Editor’s note: Gregg Pollack is CEO and founder of Code School, an online learning destination for existing and aspiring developers that teaches through entertaining content.
Any time I ask software developers what they do to become better at their craft, I get a mix of responses — from taking on side projects to scanning Hacker News, to following podcasts, to taking online courses and tutorials. And often it’s a mix of those things, all of which mostly happens off the clock.
But there’s one thing I rarely hear: Their employers playing an active role in the process.
It’s a funny thing, considering how often tech companies and startups shower talent with awe-inspiring salaries and perks, that they don’t support the most important thing they need to do their jobs: continued learning. Which brings me to an important point.
Programming Is Not Like Most Jobs
There are plenty of jobs where the required knowledge base is fairly static, but software development isn’t one of them. Technology is always evolving, so developers should evolve too if they want to be the best at their craft. In many ways, learning is as much a part of the job as writing code.
For example, it’s not uncommon for a new language or framework to come along — Apple’s Swift is a great example — that could change the language a developer uses for the foreseeable future.
When I look at my own career, I see myself learning C++ in college, learning Perl on the job, teaching myself Java to get a better job, then teaching myself Ruby on Rails to start my own consultancy. By learning new technologies and languages, I was able to maintain a competitive advantage as a developer and make successful career moves. Without my personal drive to learn, there is no way I would be where I am today.
Do all developers have this personal drive to learn? I’m afraid not. So what happens when these developers don’t keep up with technology trends? The products they’re building and the companies they work for could eventually suffer. This could mean code that’s more difficult to maintain, code that takes longer to execute, or code written in an old language/framework that other developers don’t want to use anymore. That is a scary proposition for any company, but with a bit of work it’s also one they can help mitigate.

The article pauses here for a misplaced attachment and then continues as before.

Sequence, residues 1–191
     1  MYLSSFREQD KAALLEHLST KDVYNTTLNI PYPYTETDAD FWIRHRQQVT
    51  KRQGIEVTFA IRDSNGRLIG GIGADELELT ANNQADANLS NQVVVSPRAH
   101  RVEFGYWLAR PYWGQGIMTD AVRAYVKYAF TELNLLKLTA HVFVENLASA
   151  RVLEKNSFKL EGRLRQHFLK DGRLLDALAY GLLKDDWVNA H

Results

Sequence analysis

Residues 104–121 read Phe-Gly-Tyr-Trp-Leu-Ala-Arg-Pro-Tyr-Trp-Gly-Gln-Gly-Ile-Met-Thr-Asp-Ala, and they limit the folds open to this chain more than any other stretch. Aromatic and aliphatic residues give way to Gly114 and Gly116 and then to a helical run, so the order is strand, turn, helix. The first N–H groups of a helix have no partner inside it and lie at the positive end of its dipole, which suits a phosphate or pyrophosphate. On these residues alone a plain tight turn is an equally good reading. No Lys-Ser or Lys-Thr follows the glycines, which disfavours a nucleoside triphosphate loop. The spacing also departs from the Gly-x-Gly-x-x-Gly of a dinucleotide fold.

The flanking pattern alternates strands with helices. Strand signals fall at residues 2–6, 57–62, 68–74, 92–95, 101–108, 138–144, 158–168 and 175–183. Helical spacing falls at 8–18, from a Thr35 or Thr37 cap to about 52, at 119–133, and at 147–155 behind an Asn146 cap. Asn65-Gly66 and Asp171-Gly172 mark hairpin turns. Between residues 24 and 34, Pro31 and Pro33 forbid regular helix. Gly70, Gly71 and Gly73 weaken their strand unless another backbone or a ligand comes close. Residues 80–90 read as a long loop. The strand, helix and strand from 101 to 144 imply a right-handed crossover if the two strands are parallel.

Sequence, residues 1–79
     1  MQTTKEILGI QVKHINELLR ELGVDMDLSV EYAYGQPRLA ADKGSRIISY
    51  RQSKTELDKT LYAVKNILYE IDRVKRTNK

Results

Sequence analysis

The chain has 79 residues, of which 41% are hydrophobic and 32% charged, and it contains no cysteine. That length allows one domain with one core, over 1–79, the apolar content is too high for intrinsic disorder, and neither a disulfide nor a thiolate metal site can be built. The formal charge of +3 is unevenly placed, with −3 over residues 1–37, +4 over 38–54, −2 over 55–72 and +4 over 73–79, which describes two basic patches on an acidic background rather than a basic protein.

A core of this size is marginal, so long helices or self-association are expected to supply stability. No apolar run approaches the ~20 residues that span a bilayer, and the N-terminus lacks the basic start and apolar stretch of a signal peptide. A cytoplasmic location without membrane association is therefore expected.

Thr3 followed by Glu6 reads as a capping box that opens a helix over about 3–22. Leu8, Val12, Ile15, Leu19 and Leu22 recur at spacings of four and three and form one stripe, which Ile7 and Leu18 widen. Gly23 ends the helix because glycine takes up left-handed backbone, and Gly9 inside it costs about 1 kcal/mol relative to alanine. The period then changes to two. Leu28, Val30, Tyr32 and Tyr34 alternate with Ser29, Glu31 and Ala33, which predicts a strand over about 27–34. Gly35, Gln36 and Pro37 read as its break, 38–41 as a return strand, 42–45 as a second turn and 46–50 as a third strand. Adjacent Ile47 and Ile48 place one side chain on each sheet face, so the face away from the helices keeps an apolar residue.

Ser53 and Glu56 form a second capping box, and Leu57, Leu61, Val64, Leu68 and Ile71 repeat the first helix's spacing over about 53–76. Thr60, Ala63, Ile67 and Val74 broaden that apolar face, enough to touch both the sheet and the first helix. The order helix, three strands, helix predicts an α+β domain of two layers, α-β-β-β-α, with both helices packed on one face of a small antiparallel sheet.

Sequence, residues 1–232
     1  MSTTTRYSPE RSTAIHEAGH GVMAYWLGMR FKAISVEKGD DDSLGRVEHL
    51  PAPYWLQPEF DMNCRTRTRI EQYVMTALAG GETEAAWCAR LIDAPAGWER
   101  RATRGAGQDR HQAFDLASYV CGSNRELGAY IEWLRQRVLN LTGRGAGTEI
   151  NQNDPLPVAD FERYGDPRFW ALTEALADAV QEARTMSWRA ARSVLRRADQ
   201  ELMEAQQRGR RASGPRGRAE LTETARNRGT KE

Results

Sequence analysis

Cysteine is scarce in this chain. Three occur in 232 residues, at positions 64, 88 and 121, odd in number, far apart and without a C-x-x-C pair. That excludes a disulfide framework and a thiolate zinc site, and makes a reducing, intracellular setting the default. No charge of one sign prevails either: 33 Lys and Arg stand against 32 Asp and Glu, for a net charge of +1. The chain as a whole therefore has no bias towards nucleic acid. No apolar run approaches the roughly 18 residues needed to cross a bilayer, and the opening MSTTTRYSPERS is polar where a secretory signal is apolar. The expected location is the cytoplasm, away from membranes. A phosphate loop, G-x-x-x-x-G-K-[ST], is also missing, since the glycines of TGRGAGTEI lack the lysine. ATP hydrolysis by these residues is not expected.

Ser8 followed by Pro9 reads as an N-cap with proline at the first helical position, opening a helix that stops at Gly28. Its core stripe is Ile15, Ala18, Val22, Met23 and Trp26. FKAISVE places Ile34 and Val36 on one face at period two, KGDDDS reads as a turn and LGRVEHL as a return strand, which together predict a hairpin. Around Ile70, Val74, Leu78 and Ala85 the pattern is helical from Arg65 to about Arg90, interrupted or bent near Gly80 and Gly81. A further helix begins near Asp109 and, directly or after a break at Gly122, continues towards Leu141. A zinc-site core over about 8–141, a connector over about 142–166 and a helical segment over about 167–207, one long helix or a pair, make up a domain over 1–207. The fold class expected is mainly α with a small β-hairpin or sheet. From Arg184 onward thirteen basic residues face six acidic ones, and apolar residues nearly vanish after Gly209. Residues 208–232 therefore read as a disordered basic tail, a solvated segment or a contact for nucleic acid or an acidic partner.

How Companies Can Support Developer Education
Most company-driven education solutions are easy to implement and affordable. And if they do come at a cost, they should certainly be compensated through increased productivity or employee happiness.
For starters, one of the easiest things you can do is reiterate to employees that learning on the job is okay. It’s not uncommon for a dev to feel devious taking the time out of his/her day to take a tutorial or read Hacker News instead of “working,” but a simple change in how you communicate with employees and new hires can wipe that fear away.
Another completely free solution is to encourage pair programming. Not only is this proven to minimize bugs and improve code quality, but seeing first-hand how another dev solves a problem is one of the best ways to learn.
Some companies have also rolled out continuing education initiatives to ensure their technical team has relatively the same knowledge base around their stack. Knowledge gaps in dev teams can be productivity (not to mention morale) crushers, so creating an official program can be a good way to minimize discontent.
Every month at Code School, we set aside a day to do what we call “Betterment.” It’s a day when we only do, create or learn something that makes us better. This could be taking a typing class, reading a book, working on an open source side project, or learning a new language or framework. The educational, creative and morale boost this day provides to our company is always staggering.
We also pay our employees to attend one local and one remote conference every year, and offer to pay for learning materials such as books, online courses and workshops. My guess is for a lot of tech talent, they’ll value this a lot more than say, a free Netflix subscription or a foosball table in the office (and aren’t those cliché anyway?).
These are just a few ideas. Ultimately, every company needs to find out the right solution for them and their team, and how they’ll learn best.
Teams That Learn More Innovate Better
An amazing byproduct of work environments that encourage learning is the impact they have on the product and the company’s longevity as a whole. It cultivates a culture of always using the best tool for the job, not always the tool that everyone is familiar with.
Organizations that are better equipped to find the creative solutions to hard problems will always be more likely to succeed. While there are a lot of other factors that go into creating a successful company, having a team that’s always learning will put you ahead of others that reduce their technical talent to just workers instead of learners.
The truth is, all developers must be both.